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The Hacker News - Cybersecurity News and Analysis: Gozi Malware

Russian Hacker Who Stole From Banks Ordered to Pay $7 Million

Russian Hacker Who Stole From Banks Ordered to Pay $7 Million

May 03, 2016Swati Khandelwal
A Russian man who spent about 3 years behind bars in the United States has been spared further prison time but ordered to pay $7 Million to cover damages he caused to banks using a vicious computer virus. Nikita Vladimirovich Kuzmin was arrested in 2010 and imprisoned in August 2011 for developing a sophisticated computer malware called Gozi and infecting more than 1 million computers worldwide, causing tens of millions of dollars in losses. Kuzmin was sentenced Monday to the 37 months he has already served in custody, and ordered to pay $6,934,979 that authorities have identified as the damages experienced by two major Banks, one located in the U.S. and the other in Europe, Department of Justice says . Kuzmin received a lighter sentence due to his "substantial assistance" in the investigation that resulted in the conviction of Latvian national Deniss Calovskis as well as the arrest of Romanian Mihai Ionut Paunescu, who is awaiting extradition to the United States.
Russian Hackers Behind Gozi Malware charged for Infecting Millions users

Russian Hackers Behind Gozi Malware charged for Infecting Millions users

January 26, 2013Mohit Kumar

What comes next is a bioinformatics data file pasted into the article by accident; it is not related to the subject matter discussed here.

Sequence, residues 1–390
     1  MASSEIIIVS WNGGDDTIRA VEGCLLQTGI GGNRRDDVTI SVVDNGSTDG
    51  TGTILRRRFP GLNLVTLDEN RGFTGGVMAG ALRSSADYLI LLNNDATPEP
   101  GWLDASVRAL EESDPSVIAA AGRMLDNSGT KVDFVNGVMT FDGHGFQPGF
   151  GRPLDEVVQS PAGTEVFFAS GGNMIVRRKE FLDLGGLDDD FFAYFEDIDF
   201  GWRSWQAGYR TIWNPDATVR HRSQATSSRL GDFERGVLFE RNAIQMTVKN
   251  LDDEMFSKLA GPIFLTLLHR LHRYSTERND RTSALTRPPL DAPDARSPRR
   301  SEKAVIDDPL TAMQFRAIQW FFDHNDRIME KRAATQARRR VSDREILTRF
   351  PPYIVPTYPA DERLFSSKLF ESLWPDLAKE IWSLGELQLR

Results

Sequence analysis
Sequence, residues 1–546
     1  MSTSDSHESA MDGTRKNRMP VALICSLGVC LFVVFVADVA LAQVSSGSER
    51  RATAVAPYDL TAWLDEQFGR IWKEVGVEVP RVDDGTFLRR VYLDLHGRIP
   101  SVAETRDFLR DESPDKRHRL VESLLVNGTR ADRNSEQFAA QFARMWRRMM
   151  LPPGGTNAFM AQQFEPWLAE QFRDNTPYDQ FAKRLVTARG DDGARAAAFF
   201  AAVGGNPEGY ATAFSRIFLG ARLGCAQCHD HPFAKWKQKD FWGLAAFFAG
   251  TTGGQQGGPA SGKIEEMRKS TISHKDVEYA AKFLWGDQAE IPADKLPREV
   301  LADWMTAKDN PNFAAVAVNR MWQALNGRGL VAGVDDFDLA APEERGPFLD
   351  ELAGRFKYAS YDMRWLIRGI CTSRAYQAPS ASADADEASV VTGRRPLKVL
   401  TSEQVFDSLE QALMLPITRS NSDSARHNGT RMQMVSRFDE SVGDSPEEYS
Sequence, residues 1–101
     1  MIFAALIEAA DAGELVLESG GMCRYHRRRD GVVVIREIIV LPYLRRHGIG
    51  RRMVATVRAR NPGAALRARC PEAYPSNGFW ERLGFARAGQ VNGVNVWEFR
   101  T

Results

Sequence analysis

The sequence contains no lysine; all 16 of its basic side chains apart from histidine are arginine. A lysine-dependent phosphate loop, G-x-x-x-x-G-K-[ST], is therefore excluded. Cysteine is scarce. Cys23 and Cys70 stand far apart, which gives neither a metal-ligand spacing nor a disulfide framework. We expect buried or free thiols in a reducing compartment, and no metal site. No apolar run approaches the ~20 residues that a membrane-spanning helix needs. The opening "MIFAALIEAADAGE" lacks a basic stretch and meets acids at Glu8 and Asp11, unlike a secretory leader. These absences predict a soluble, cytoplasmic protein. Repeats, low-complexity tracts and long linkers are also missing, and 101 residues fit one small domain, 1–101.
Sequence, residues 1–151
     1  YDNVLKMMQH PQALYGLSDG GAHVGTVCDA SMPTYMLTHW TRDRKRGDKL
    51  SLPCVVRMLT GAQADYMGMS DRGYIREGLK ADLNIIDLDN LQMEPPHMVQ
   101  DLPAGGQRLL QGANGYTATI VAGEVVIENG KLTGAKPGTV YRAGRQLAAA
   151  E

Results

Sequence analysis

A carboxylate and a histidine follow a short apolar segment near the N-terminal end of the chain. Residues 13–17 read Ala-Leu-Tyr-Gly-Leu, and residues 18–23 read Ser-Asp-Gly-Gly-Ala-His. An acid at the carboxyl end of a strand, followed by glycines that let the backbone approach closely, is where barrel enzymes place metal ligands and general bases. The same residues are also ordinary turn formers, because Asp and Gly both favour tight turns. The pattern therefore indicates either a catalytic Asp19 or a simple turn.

The mastermind Russian Hackers who coded and distributed the Gozi malware,  Nikita Vladimirovich Kuzmin , 25 was charged along with Deniss Calovskis, 27, and Mihai Ionut Paunescu, 28 for infecting more than a million computers worldwide in order to steal banking and other credentials from tens of thousands of victims. They may face a maximum penalty of 95, 60 and 67 years in prison, respectively. Kuzmin allegedly created the Gozi program in 2005, hiring a programmer to write the source code and then leasing it to other criminal customers. According to latest reports , Nikita has agreed to cooperate with the United States. As potential evidence, the feds have been able to retrieve 51 servers in Romania as well as laptops, desktops and external hard drives. The data seized amounts to 250 terabytes. Paunescu, a Romanian national who went by the name " Virus " operated a bulletproof hosting service that provided criminal customers with servers and IP addresses from which to s
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